Posts Tagged ‘Wall Street Journal’
The Wall Street Journal recently reported on the increasing healthcare cost burden shouldered by state and local governments. While the private sector has restructured employee contributions and shifted more toward consumer-driven health plans (CDHPs), a vast majority of the public sector has resisted passing the buck – government employees pay on average 15 percent of premiums with some states requiring no contribution. The Manhattan Institute, a well-known organization dedicated to individual choice and responsibility, estimated that governments could save $1,376 per employee by following the private-business model.
Realizing the power of CDHPs, states like Indiana have begun offering options with lower premiums and empowering employees to take on more responsibility for the cost of care. An astonishing 70 percent of employees moved to these plans, and a study by Mercer Consulting estimated that the state’s move saved Indiana’s taxpayers $23 million. Multiply that savings opportunity nationwide – and there are more than 18 million government employees in the U.S. today – and the overall savings potential is astronomical. A trend toward CDHP is likely to continue given the financial pressure the U.S. is under when it comes to health care. This perspective is certainly validated by the fact that 23 states already offer these types of plans, and a growing number of states are now pushing into the 40+ percent cost sharing category per a 2011 study published by the Segal Company.
What’s exciting is that the potential savings of moving to CDHPs at the government and state level can be enhanced once employees are empowered with the right information to understand how to intelligently shop for their healthcare. The example of an employee like TaKeisha Woodson should and can be replicated across every public-sector employee. As the U.S. Postal Service and other state and local government entities join the heated debate over rising healthcare costs, change is certainly on its way …
Young families are having an increasingly difficult time staying on budget in this tough economy, where each unexpected expense can cause an uneasy shuffling of priorities – especially when it comes to healthcare. One recent survey from the National Foundation for Credit Counseling found that 64 percent of Americans couldn’t handle a $1,000 emergency. To show how the average American is handling such costs, Anna Mathews’ personal finance column in Sunday’s edition of the Wall Street Journal showed us how TaKeisha Woodson, a credit analyst, saved nearly 50% on a prescription simply by taking advantage of change:healthcare’s Ways to Save Alerts™. But there is much more to TaKeisha’s story.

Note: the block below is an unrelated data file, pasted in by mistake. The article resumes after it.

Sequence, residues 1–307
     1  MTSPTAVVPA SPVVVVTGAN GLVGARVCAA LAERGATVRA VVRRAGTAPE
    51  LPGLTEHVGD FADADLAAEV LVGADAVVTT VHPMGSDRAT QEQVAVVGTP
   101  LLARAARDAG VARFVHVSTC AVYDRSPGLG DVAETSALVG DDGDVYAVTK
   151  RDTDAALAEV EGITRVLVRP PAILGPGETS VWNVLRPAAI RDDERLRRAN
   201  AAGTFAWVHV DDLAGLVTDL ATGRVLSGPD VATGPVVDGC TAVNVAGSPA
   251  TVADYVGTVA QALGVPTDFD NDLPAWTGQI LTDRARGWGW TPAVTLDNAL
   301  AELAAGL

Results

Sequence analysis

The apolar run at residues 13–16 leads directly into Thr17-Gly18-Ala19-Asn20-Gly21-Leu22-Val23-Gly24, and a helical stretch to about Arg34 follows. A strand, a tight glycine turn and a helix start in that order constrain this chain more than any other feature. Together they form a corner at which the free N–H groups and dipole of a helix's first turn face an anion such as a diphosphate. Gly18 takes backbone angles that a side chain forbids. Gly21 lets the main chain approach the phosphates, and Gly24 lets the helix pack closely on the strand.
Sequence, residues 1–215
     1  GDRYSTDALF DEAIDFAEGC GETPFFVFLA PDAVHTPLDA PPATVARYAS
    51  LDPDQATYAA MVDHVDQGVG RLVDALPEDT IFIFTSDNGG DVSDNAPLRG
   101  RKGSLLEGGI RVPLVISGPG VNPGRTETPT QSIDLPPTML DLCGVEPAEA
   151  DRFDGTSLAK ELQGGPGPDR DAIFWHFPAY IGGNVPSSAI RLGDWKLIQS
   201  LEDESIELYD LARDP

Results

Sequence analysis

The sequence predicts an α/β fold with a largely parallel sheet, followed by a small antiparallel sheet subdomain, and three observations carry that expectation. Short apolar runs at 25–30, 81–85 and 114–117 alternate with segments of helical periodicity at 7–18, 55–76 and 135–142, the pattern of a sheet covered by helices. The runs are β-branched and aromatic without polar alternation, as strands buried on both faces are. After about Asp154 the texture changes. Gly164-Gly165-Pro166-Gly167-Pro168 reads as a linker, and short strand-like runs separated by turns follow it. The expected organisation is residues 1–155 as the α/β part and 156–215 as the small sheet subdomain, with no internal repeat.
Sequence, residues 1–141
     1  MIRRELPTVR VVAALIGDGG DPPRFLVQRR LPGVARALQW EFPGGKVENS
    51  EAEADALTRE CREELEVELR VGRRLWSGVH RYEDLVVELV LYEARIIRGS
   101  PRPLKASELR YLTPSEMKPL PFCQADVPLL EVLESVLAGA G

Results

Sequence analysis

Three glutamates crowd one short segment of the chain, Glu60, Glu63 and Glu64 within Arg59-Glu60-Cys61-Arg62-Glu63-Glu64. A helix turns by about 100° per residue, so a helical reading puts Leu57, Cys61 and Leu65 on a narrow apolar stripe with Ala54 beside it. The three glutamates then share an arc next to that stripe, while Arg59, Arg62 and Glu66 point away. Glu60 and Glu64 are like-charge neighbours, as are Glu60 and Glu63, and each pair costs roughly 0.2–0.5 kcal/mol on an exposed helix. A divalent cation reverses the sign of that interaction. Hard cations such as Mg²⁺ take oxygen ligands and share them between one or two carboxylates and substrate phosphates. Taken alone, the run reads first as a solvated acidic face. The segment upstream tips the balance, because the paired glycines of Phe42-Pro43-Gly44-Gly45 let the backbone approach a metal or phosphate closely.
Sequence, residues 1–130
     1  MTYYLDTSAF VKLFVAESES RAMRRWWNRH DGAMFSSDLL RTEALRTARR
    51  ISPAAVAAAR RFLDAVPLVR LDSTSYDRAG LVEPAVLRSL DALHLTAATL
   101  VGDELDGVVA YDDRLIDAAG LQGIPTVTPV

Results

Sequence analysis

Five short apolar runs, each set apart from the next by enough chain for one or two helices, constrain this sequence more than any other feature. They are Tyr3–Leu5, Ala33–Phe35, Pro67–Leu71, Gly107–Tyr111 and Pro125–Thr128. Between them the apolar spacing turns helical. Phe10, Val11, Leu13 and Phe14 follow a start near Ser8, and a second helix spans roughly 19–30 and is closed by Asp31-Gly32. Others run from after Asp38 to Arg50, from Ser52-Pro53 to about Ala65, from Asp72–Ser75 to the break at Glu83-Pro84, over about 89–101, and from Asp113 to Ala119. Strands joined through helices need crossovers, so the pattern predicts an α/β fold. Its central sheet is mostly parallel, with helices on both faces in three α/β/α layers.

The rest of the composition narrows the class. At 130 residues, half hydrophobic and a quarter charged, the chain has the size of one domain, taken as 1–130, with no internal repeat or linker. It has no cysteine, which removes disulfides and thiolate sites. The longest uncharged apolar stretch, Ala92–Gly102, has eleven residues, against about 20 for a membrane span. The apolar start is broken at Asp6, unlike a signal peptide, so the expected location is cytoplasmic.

First Horizon National Corporation is a self-insured employer that offers the change:healthcare cost-comparison tool to its employees. TaKeisha is married to a school teacher, has two young children, and just like most growing families, she must juggle the challenges of making smart purchasing decisions with the need for quality care. In addition to the savings referenced in the WSJ, in May of this year her ten-month-old son became sick and was prescribed antibiotics by his pediatrician. TaKeisha arrived at the pharmacy to pick up her son’s prescription and was shocked to see a $100 price tag for a basic antibiotic. Instead of simply accepting the price at the pharmacy, TaKeisha knew she had options. Once she returned home, she logged onto her computer and using the change:healthcare Cost Lookup™ tool, found the same medication at nearly half the cost at another nearby pharmacy. In addition, with the change:healthcare cost comparison tool, TaKeisha will continue to receive proactive e-mail alerts on her routine prescriptions and doctor visits, letting her know how she and her family can save money in the future.
Her story is a testament to the power of actionable cost transparency – and it is just one of many. Through access to pricing information and a proactive outreach strategy that helps consumers take advantage of savings opportunities, TaKeisha is one of thousands of employees who are able to maximize the value from their healthcare benefit.
It definitely makes you wonder how much our healthcare system could save if everyone had access to the same tools as TaKeisha. Stay tuned for more savings stories from patients and employees …